Lesser-Known Realities about Coronary Plaque/Atherosclerosis
Your calcium CT study shows significant levels of calcified plaque on your coronary vessels. Before panic sets in, here are some important things to consider regarding that report of elevated calcium:
1 – How much calcium is on each vessel (i.e., how occluded are the vessels)?
When it was introduced, the calcium test results always indicated which vessels were occluded and to what extent. Now, the test often just gives an overall score for all coronary vessels, or simply states which vessels have “some” plaque. It is unclear to what extent specific vessels are occluded.
2 – Is there also fatty, uncalcified plaque present?
This will not be included in the calcium scoring, yet fatty plaque when present blocks vessels the same way as calcified. To find ALL plaque, and all locations, a coronary CT or Virtual Angiogram or an actual angiogram is required.
3 – How much plaque is too much?
The reason plaque is trouble is that it blocks flow. BUT! By a law in physics called Poiseuille’s law, FLOW is correlated with the open radius of a vessel TO THE EIGHTH POWER! So, even a modest remaining radius, with some degree of narrowing, still permits considerable flow of a liquid, in this case, blood. Hence, a vessel with a 50% blockage still provides quite a bit of unimpeded flow. A separate flow study can be done to pinpoint the actual flow in the coronary vessels.
4 – Is there a way to scrape plaque off rather than bypassing it or pushing it off to the side.
Chelation therapy is an intravenous method of infusing a chemical, EDTA, along with magnesium, to gently wear away calcified plaque. There are other improvements made to vessels that undergo chelation, including improved flexibility.
5 – Which vessels are affected by chelation?
One of the great benefits of this therapy is that it is a systemic treatment. All vessels, large and small, are affected by chelation, and since atherosclerosis is a systemic disease, chelation treats not only coronary vessels, but brain kidney, limb vessels, etc.
6 – Does chelation remove fatty plaque?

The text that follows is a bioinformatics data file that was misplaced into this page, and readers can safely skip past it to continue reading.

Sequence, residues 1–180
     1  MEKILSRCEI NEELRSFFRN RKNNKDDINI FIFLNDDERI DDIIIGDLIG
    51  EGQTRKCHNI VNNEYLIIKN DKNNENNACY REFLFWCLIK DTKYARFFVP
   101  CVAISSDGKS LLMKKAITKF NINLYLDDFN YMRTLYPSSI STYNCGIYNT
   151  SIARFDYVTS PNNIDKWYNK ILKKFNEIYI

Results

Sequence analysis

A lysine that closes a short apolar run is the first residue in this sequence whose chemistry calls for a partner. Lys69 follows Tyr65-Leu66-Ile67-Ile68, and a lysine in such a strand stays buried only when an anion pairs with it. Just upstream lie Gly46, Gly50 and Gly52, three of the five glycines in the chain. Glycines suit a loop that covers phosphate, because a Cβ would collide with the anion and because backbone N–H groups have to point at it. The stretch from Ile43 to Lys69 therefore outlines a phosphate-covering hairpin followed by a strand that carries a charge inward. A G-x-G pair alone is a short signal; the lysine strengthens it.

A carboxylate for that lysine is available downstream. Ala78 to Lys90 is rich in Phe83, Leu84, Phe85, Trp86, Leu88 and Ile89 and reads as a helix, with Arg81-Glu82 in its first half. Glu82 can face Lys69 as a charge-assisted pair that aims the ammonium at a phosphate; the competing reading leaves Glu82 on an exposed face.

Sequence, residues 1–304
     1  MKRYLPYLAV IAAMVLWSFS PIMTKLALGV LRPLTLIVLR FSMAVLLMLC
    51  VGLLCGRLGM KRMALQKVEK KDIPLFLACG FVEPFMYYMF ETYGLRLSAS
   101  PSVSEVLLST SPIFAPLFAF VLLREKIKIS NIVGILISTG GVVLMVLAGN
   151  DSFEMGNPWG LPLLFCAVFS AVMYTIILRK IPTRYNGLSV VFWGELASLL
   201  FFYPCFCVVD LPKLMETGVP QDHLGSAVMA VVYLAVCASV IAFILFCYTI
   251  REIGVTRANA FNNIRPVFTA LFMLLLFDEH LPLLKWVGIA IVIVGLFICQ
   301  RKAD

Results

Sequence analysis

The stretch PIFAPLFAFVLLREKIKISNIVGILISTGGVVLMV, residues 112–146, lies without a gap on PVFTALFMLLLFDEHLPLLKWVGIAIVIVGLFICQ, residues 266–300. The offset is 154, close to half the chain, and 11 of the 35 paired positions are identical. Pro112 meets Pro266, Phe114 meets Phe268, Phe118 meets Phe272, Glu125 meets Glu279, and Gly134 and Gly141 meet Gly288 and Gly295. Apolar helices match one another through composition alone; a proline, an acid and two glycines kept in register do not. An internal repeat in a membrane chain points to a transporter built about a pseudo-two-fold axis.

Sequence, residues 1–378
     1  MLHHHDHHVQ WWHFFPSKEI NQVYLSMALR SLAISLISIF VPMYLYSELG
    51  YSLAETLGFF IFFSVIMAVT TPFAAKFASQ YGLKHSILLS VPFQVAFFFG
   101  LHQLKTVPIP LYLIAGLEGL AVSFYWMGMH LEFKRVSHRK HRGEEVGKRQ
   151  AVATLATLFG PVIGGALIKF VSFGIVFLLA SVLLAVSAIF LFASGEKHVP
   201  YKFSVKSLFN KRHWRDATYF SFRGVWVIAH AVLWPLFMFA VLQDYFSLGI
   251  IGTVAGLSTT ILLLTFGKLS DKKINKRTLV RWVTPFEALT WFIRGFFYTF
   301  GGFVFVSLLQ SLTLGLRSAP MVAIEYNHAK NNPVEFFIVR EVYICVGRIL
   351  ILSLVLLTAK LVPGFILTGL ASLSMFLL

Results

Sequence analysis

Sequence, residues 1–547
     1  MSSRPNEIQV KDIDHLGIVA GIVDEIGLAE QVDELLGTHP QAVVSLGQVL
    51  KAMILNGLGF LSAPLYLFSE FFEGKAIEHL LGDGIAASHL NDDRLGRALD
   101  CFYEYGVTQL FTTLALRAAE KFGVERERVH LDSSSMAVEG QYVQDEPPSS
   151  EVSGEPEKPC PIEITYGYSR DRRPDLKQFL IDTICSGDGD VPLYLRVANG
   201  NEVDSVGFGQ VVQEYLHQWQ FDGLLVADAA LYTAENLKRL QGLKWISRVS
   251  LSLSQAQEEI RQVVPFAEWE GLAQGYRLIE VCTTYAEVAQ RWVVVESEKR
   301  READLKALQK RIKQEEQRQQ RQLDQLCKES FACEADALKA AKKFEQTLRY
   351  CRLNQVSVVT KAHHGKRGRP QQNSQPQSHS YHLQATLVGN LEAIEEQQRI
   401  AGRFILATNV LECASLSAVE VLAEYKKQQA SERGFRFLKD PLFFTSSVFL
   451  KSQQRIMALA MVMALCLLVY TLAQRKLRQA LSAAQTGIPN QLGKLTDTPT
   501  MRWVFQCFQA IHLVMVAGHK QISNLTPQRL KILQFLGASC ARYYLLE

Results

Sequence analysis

NO, but there is another intravenous approach that dissolves the fatty component of plaque if present.
7 – Is chelation safe?
Using protocols that have been developed carefully and used over decades, therapy is safe, tested, and effective. Kidney function is monitored regularly, and over time, as chelation opens kidney vessels, kidney function can actually improve with this therapy. As an additional benefit chelation also removes toxic, potentially cancer-causing heavy metals from the body.
8 – Can someone with grafts/bypasses already done still do chelation?
Absolutely. It is a wonderful addition. Grafts do not eliminate the ongoing process of atherosclerosis. Chelating on a maintenance basis can keep grafts open, clear at their margins, and functioning, as well as preventing the need for future stents. It is also an excellent preventive measure for those without known problems to maintain low plaque levels.
When necessary, coronary angioplasty or bypass can be nothing short of lifesaving. But even after grafts are placed, the ounce of prevention (or chelation IV bag of prevention, in this case) remains an invaluable component in optimizing long-term outcomes and overall health.
Robin Ellen Leder, M.D., was mentored by Robert Atkins, M.D., author of The Atkins Diet. She has been providing alternative medical care, including intravenous treatments, for more than 30 years at A Better Alternative Medical Center, in Hackensack.